This week, the science of how to cook with Samin Nosrat, Dan Pashman of the Sporkful podcast weighs in on the burgers of the future and a quick trip for pasta at the ready.
Did You Know: Phoenix's Wrigley Mansion Was An Anniversary Gift
It was built as an anniversary gift for an entrepreneur’s wife. Today, the home on a hill overlooking Phoenix and surrounding mountains has become an entertainment venue for the public to enjoy and a historic mansion.
The Wrigley Mansion was built by chewing-gum magnate William Wrigley, Jr. The national landmark sits on a 100-foot hill. Did You Know the 16,000 square foot mansion with 24 rooms and 12 bathrooms was the smallest of the Wrigley homes?
“The home was designed to be used for entertaining showcasing some of their guests," said Ben Sinon, the general manager of the property.
The mansion now serves as a restaurant, bar, special events venue and as a museum with daily tours.
“And this was a stop on their way West to spend most of the duration of winter before heading back to Chicago," Sinon explained.
The Wrigleys also owned homes in California and the Midwest. This one was built between 1929 and 1931. It is right near the Biltmore Hotel, also a Wrigley property at the time. The Spanish deco mansion was a 50th wedding anniversary gift for his wife Ada.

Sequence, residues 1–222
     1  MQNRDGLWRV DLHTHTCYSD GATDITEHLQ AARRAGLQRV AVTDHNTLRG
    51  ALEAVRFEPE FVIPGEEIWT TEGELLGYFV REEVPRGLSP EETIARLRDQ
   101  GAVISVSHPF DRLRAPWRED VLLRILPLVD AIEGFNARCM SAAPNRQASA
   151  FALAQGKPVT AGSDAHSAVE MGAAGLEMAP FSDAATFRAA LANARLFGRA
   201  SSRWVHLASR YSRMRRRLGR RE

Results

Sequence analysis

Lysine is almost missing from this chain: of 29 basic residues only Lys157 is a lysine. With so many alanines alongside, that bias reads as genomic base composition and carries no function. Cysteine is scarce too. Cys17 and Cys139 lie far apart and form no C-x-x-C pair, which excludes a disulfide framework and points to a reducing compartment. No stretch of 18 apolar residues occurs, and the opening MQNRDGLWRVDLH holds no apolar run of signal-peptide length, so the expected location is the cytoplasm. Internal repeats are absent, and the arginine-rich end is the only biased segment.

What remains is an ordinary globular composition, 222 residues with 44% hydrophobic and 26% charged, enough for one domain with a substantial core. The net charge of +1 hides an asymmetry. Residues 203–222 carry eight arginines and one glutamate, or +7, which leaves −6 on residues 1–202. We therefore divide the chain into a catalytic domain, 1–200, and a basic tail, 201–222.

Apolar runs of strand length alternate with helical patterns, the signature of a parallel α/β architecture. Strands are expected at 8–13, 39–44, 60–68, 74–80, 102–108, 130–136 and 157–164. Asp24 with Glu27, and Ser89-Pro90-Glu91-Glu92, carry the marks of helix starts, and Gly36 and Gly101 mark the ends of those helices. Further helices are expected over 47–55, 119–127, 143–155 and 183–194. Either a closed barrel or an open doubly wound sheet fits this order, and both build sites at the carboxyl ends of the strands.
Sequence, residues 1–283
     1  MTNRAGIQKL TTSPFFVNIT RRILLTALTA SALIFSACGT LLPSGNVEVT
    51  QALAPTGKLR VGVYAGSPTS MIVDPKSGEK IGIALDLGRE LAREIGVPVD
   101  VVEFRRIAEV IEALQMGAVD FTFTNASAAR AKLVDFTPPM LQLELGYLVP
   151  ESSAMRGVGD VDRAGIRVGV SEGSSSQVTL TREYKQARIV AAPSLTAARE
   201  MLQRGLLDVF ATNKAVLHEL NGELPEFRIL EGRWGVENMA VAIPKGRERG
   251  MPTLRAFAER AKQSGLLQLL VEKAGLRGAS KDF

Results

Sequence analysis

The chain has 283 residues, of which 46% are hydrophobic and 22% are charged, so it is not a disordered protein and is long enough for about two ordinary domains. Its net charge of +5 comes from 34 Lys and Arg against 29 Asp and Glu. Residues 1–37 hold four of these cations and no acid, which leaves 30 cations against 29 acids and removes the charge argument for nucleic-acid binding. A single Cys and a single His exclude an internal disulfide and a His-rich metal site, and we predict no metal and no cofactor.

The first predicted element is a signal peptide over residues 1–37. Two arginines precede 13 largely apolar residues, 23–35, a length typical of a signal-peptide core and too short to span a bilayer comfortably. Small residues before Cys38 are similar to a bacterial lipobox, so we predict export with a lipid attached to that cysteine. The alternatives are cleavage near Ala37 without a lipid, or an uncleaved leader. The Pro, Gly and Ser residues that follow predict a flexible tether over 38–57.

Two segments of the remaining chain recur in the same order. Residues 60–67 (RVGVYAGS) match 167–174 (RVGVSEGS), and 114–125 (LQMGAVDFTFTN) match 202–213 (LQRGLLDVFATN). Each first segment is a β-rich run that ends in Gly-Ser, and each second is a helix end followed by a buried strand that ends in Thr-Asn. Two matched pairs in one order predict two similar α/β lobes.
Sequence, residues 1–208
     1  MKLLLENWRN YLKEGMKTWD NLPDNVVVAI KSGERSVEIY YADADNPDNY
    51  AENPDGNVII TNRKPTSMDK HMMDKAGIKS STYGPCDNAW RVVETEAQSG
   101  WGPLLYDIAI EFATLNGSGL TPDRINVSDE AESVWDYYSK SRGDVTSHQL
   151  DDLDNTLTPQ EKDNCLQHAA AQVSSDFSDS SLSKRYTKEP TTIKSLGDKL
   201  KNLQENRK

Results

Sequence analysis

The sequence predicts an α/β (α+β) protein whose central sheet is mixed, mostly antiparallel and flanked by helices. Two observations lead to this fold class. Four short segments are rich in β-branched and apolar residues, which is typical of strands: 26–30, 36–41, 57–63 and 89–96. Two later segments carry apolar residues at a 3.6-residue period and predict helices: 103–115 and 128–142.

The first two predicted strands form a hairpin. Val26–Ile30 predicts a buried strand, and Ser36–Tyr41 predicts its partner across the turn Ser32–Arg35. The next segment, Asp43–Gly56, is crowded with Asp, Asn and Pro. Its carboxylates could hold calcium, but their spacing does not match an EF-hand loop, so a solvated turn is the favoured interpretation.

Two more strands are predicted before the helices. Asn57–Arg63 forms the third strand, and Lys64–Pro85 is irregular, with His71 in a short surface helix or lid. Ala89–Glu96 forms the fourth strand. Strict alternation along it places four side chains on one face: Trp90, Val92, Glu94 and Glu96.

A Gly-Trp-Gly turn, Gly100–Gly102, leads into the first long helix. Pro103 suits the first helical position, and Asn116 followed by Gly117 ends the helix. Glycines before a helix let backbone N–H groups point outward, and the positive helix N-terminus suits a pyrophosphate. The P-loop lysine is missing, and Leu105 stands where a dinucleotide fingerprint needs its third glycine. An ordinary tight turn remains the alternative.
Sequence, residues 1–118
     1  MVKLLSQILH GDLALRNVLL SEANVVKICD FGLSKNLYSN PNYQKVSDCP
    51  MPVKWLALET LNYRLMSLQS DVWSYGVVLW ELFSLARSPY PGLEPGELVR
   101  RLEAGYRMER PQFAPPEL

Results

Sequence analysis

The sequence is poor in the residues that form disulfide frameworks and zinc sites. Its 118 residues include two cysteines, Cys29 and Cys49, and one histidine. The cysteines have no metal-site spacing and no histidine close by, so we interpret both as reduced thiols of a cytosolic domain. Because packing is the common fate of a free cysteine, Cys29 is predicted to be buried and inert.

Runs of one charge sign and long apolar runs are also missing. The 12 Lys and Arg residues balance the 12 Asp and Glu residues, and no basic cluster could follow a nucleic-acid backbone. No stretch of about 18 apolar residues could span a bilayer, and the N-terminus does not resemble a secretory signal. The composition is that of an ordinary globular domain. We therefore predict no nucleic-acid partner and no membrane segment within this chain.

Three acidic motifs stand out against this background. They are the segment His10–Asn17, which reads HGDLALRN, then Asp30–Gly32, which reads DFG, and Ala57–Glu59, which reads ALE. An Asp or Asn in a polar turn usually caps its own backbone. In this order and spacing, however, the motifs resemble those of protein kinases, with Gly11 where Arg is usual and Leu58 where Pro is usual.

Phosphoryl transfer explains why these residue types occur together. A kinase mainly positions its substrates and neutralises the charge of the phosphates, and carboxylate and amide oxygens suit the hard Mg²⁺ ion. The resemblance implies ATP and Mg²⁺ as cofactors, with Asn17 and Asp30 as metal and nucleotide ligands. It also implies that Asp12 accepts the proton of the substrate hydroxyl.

“When this home was designed, downtown Phoenix was still very small. Some of the original pictures we have in the home, credit the home as just outside Phoenix, Ariz.," Sinon said.
The luxury home had all sorts of amenities, bedrooms with private bathrooms and a telephone room for guests to make calls. The walls covered with the same aluminum foil paper used to wrap the Wrigley gum, and a remote control Steinway Piano that moves from one classical song to the next, most of them George Gershwin classics.
In 1932, Wrigley, Jr. died in this house. His family continued to use it until the early 1970s. Since then, the property has sold several times, but each owner has had to preserve its history.
“As part of the land deed for the property included that all of the belongings to the home were essentially part of the land, attempting to ensure that you could not part out the valuable pieces of the home," said Sinon.
That includes the Steinway Piano. In fact, musicians who visit Wrigley Mansion are still welcomed to play it. It is so popular that in 1992 musician, Geordie Hormel wanted the Wrigley’s Steinway so he bought the entire house.
Hormel’s estate has owned the Wrigley Mansion ever since.